So instead, let me offer you this: remember that how you pray and what you pray can be to you a very detailed understanding of what you believe in relation to what the Christian faith teaches.  If we are willing to own that as a human we fall far short of God’s goodness, than can we not also take such joy in seeing how amazing God’s grace to us becomes?  Take the parable that Jesus offers us and ask yourself:  Am I the Pharisee or the tax collector?  Do I thank God I am not worse or do I ask God’s forgiveness for what I am.  That is how we grow into our humility before Christ.  That applies to you and it applies to me.  Just because I am standing up here with a generous portion of satin draped over me doesn’t mean I am off the hook.  If anything, a priest needs to be even more aware of the danger of becoming like the Pharisee. 

Remember that though you may have salvation guaranteed by God, that does not exempt us from doing the work of the Kingdom here and now.  But also know that as humans, I fully believe that God expects at the end of every day we will find a reason to kneel before God, to strike our breast, to recite yet again, “mea culpa, mea culpa, mea maxima culpa.”  And we, like the tax collector, will return justified.

Sunday, October 20, 2019

Proper 24 Year C 2019
Kevin Gore, St. Andrew’s Mountain Home

The 1994 movie ‘The Shawshank Redemption’, based on a short story by Stephen King, features a banker named Andy Dufresne who is convicted of murders he didn’t commit.  While in prison, he begins to work in the library, though it is woefully empty.  So Andy asks the warden for money to purchase books.  The warden tells him that there is no funding available and there never will be.  In response to that, Andy asks the warden for permission to write the state senate for funds.  The warden agrees and even offers to mail the letters himself.  Andy writes those letters every week, and six years go by.  One day crates of books and check arrives from the state.  They thank Andy for his persistence and communicate that they believe the matter closed.  Andy says, “It only took six years.  From now on I think I’ll write two letters a week.” 

Andy’s story is one of hope and persistence, as is our Gospel lesson today.  Jesus has been teaching the disciples about what to expect after he is gone.  It will be a hard, difficult time full of confusion and persecution.  False prophets will prowl around and then when Christ returns the eschaton will be fully realized.  It makes perfect sense that Jesus would find it necessary to then talk about hope.    Our reading starts by explaining what this parable will be about, so I think it’s safe to assume that Jesus sees the disciples struggling to maintain hope in the face of what is to come.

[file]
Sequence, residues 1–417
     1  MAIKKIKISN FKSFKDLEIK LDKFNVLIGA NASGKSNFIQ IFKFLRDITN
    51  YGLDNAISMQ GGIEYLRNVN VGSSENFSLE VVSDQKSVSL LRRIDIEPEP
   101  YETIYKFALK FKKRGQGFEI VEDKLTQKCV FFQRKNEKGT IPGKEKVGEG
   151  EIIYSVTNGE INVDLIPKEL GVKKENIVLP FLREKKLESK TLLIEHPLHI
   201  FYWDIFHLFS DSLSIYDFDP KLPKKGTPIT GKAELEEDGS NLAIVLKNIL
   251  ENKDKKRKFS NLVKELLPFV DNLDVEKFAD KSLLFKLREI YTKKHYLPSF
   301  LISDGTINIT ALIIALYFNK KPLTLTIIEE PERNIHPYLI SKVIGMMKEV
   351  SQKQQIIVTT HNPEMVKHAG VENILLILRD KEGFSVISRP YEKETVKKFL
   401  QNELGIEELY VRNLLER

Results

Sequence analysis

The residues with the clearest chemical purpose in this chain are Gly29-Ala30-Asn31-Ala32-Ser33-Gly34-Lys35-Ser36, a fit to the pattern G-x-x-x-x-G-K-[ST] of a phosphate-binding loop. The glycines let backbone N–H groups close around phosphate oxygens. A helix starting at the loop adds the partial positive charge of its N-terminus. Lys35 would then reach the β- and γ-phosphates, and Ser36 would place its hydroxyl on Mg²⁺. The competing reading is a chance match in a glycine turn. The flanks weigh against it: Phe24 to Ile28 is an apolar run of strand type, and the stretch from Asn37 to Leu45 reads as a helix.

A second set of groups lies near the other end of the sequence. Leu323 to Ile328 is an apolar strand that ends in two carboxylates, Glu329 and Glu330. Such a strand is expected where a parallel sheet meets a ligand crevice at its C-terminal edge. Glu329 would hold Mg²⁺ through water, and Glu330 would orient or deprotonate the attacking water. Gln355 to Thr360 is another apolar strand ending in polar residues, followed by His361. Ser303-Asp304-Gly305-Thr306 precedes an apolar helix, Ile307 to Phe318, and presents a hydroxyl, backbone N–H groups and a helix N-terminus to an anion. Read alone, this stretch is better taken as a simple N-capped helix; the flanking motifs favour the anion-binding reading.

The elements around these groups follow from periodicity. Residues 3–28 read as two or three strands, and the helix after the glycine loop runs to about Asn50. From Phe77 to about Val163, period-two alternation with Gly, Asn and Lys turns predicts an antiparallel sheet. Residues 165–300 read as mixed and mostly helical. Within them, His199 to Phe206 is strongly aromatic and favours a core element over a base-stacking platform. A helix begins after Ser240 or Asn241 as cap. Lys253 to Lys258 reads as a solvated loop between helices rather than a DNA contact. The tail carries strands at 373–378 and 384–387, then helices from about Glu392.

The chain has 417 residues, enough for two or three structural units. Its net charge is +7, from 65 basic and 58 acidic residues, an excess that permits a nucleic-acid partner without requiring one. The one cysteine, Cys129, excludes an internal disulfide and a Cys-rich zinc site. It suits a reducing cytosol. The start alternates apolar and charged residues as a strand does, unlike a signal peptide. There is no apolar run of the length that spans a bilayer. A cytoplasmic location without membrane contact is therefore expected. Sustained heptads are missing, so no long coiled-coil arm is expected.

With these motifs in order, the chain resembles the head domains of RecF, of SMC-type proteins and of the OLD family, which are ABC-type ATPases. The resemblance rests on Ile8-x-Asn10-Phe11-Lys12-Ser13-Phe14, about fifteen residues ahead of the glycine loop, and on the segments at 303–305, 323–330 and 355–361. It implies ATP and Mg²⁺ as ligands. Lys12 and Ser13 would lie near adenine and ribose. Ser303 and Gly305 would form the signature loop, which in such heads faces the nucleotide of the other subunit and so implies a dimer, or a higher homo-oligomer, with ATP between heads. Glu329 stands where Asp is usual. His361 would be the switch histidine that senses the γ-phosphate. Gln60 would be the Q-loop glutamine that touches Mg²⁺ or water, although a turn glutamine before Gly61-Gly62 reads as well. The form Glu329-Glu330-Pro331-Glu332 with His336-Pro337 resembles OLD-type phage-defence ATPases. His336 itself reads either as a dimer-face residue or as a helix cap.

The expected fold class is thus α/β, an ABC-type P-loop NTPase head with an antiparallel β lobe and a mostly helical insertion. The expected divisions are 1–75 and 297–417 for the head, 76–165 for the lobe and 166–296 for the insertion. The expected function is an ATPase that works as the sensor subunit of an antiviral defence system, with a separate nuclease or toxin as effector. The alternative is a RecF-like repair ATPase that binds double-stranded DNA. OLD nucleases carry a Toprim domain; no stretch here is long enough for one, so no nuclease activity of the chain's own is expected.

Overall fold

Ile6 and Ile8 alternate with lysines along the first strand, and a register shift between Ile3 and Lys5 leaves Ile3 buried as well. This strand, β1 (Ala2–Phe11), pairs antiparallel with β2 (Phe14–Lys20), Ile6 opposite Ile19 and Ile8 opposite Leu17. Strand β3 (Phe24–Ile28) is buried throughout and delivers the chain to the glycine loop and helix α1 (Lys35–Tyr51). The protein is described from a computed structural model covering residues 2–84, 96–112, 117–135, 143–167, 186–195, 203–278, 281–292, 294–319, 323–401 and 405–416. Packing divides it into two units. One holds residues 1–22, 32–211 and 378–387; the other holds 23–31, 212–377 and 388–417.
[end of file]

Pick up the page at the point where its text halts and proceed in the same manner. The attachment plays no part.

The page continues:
Jesus tells them a parable of a judge.  This judge has no regard for people or for God.  This judge seems to care only for himself.  He’s probably corrupt, using his position to gain extra wealth through bribes, which wasn’t necessarily uncommon.  He’s only going to do what is in his best interest.  This guy is no Judge Judy.  Then we have a widow.  It’s important to remember that in Jesus’ time, widows have absolutely nothing.  If there is no male heir to inherit the estate or no one to take care of her she is on her own with no financial support.  She occupies one of the lowest places in society.

The widow continues to bother the judge to rule in her favor.  She has persistence and maybe even a little hope that this will work.  Or perhaps she has nothing left to lose so this is the route she takes.  Through her persistence, the judge finally decides to rule in her favor just so that she will leave him alone.   The unjust judge knows that the widow will not relent unless she wins, so he gives her the outcome she desires to save his own piece of mind.

So how do we take this parable and apply it to our lives?  This is the sort of parable where the imagery is so applicable that we can interpret this a few different ways.  The first is to see ourselves as the widow, compared to God, the judge.  Now that isn’t to say that God is unjust, but rather that we are cosmically like the widow in our standing.  We have no right to ask God for anything.  We have no standing; we are in the lowest caste compared to God.  Which is to Jesus’ point that if an unjust judge, the worst power abusing judge you can think of, would be willing to grant a request, how much more is God willing to offer us, regardless of how deserving we are?

I’d say that I also see God in the widow’s persistence.  Just as much as the widow does not relent, so God does not grow weary of pursuing us.   God continues to be faithful to us, to sometimes even chase after us even though humanity again and again turns it’s back on God.  So this persistence in seeking out justice, regardless of how little regard the other party has for it, is not unlike God’s relationship to us.

It seems important to also clarify something about persistence.  I do not want you to hear from this story that God is like a genie that can be worn down to granting any wish you request.  Jesus is not saying that.  I think we are all too aware that isn’t the reality with God, and sometimes that realization can be hard.  What we are to hear in this is that we must not lose hope in God’s promise.  We should ask for those things we need.  Prayer is an important part of our spiritual life.  But it is not to wear God down.

In fact, our persistence, our faith, instead is shown throughout our prayers.  We hope for God’s reign to be fully realized and we pray, “thy kingdom come.”  We keep hoping that there is good in a hopeless world.  We keep striving to live out the values of that Kingdom in the face of an existence that values self idolization over obedience to God.  We persist and hold faith that God’s justice will prevail.